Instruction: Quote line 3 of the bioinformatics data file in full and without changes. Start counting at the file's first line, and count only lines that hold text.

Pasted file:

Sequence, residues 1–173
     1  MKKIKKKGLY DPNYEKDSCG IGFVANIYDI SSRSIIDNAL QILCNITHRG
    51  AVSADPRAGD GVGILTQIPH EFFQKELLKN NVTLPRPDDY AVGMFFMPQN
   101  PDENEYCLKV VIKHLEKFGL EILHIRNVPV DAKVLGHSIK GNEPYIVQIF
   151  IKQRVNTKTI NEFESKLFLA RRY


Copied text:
    51  AVSADPRAGD GVGILTQIPH EFFQKELLKN NVTLPRPDDY AVGMFFMPQN